This photo shows Marites Palma, founder of Social Justice for Migrant Worker, a three-year old NGO that supports domestic helpers. (JAN YUMUL / CHINA DAILY)
Filipina migrant worker Marites Palma spends most of her Sundays distributing food, medicines and toiletries to household workers in Hong Kong who are serving COVID-related quarantine. Though she gets a break only over the weekends from her job as a domestic helper, she prefers to devote that spare time to helping her fellow foreign workers.
Palma is the founder of Social Justice for Migrant Workers, a three-year-old NGO that supports domestic helpers. She said helping her fellow domestic workers is more urgent now as the pandemic has been especially difficult for the migrant household help.
Many (domestic) workers are not allowed to go out because employers are very scared of the (pandemic). (They think) that if the workers go out and mingle with other domestic workers, they will also acquire COVID. But the employers also go out, so what’s the point (of such restriction)?
Marites Palma, founder of Social Justice for Migrant Workers
Palma said most of the domestic helpers work longer hours as they have to clean their employers’ house more often because the pandemic has compelled people to be more conscious of hygiene. Employers also require their helpers to wear mask and use hand sanitizer but often refuse to pay for the items, forcing the helpers to dip into their already tight budgets. Some helpers have also seen their contracts get abruptly terminated after they tested positive for COVID-19.
Those who are not fired are sent to isolation units. But Palma said that many employers do not provide the quarantined workers with enough food, medicines and other essentials that they require. Some new helpers who came to Hong Kong in the past two years and had to go through quarantine upon their arrival also suffered the same plight.
This is why Palma and other members of Social Justice decided to pool their money so that they can send care packages to the quarantined helpers every weekend.
ALSO READ: HK govt: FDH minimum wage unchanged
“Many (domestic) workers are not allowed to go out because employers are very scared of the (pandemic). (They think) that if the workers go out and mingle with other domestic workers, they will also acquire COVID. But the employers also go out, so what’s the point (of such restriction)?” Palma said, noting that this is another instance of discrimination against domestic helpers.
There are over 300,000 foreign domestic workers in Hong Kong. More than 90 percent of them are women, and mostly hail from the Philippines and Indonesia. The migrant workers come to the city hoping to earn enough money to provide a better life for their families back home. Palma has the same story. The single mother came to Hong Kong more than 20 years ago to support her daughter.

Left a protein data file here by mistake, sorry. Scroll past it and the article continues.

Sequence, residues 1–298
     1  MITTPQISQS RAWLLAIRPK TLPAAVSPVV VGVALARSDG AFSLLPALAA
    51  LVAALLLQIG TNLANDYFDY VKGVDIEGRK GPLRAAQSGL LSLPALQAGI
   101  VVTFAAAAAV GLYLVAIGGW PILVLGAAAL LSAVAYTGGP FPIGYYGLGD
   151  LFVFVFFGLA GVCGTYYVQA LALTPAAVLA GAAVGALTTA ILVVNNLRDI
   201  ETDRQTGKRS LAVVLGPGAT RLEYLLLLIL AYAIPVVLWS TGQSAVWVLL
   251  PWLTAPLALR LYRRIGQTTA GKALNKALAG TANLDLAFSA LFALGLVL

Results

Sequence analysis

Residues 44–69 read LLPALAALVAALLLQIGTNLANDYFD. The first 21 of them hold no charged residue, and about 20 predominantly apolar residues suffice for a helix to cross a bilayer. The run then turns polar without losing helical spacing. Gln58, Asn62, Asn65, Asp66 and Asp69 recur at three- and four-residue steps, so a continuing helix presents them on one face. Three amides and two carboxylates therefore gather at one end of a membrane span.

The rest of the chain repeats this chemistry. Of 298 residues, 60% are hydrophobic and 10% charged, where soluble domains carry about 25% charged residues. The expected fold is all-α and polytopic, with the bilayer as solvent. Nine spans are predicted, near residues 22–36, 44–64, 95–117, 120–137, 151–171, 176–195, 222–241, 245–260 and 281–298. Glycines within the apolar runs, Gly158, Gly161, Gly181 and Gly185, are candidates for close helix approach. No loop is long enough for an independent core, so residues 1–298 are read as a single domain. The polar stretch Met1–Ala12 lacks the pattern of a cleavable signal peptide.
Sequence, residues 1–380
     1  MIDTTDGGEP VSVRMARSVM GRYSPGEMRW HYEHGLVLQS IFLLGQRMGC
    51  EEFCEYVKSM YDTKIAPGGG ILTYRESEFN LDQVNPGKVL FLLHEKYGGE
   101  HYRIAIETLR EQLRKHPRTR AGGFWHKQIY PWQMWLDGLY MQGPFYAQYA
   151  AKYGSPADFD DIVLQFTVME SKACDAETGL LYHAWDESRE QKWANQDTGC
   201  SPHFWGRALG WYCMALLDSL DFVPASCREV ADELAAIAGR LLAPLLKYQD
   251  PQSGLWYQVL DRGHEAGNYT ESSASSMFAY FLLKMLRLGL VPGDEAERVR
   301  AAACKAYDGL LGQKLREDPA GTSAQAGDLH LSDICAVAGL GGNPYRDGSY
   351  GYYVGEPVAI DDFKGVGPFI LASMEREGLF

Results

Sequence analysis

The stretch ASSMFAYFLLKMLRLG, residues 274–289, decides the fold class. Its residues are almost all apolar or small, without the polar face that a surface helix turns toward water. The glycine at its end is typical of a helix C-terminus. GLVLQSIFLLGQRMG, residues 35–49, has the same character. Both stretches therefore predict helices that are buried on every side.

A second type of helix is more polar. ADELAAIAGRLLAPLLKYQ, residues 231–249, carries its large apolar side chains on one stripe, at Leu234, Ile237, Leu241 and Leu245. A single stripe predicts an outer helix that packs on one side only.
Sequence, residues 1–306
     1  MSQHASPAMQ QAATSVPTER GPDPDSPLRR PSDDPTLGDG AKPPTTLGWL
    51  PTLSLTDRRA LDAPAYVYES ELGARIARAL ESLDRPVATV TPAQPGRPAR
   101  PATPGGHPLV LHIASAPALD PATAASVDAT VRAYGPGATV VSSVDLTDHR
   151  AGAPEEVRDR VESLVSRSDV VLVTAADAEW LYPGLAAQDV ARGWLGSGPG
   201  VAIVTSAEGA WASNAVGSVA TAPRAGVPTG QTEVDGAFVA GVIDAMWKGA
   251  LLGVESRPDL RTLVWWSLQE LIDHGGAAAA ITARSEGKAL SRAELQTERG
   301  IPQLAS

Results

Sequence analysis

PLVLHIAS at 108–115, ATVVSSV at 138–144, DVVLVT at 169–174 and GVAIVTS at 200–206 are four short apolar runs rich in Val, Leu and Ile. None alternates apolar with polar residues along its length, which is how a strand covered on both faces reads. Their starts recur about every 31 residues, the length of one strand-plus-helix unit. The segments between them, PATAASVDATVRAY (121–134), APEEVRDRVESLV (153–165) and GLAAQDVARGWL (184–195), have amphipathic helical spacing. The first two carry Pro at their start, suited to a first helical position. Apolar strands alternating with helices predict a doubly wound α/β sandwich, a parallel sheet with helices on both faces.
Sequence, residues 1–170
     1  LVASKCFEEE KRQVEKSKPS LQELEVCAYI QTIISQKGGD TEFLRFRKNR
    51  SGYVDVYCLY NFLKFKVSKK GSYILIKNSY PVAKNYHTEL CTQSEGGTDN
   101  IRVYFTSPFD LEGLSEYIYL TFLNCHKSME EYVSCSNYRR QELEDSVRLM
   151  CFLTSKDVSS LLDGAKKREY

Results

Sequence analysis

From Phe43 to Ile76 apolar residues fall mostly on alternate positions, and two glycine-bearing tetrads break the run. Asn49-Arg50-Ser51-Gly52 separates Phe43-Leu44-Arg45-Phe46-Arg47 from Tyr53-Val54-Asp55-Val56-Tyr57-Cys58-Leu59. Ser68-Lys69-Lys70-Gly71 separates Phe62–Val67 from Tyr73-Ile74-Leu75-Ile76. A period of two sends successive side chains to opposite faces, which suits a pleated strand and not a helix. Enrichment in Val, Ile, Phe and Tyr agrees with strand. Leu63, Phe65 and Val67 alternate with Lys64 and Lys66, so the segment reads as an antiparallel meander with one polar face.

But Palma has seen how some helpers were abused by their employers. She established Social Justice “because when I (first) came here to Hong Kong… I was not treated well by my (then) employers. I was exploited, and during that time, I (met) many domestic workers who (were also abused) by their employers. This opened my eyes (and encouraged me) to empower myself”.
Foreign domestic helpers gather at Victoria Park, Causeway Bay, Hong Kong on March 15, 2021. (EDMOND TANG/CHINA DAILY)
The experience spurred Palma to become an advocate for migrant workers’ rights. In 2019, she became a fellow of Resolve Foundation, a non-profit group that aims to empower future community leaders and promote an inclusive Hong Kong. It is through this fellowship that Palma was able to establish Social Justice. She started by creating an online group of Filipina domestic helpers through Facebook.
Thanks to social media networking, Marites Palma and other migrant workers can communicate with each other, providing support as needed. They coordinate with the Philippine consulate to help workers who were abused and/or have labor disputes. They also refer job openings to those looking for new employers
“Our (group’s) mission is to empower (migrant workers) and to help them elevate their lives,” Palma said. She also noted that since most of the workers had left the Philippines to support their families, it is also part of Social Justice’s mission “to help not only ourselves, but also our families’.
Thanks to social media networking, Palma and other migrant workers can communicate with each other, providing support as needed. They coordinate with the Philippine consulate to help workers who were abused and/or have labor disputes. They also refer job openings to those looking for new employers. Prior to the pandemic, Palma organized hiking activities to promote good physical health among the helpers.
The pandemic has pushed Social Justice to implement other projects like food distribution. While there are some kind-hearted donors, Palma said most of the money raised has come from the members’ own pockets.
“Even though we have (a small) salary, we have the heart to share (what we have) to our domestic fellow domestic workers,” Palma said.
She said that Social Justice runs in the spirit of volunteerism. More than just contributing money, all members work together in offering necessary help. For example, whenever Palma posts on Facebook that they need funds to help a migrant worker, many people send her private messages, asking how they can contribute either in cash or kind.
“(There is) a negative and a positive (side in this pandemic). (The) negative side is that we are suffering. But the positive side is that we see the love, the compassion and kindness from our members and from among Filipinos and from other expats who are supporting (our group),” Palma said.
HONG KONG NEWS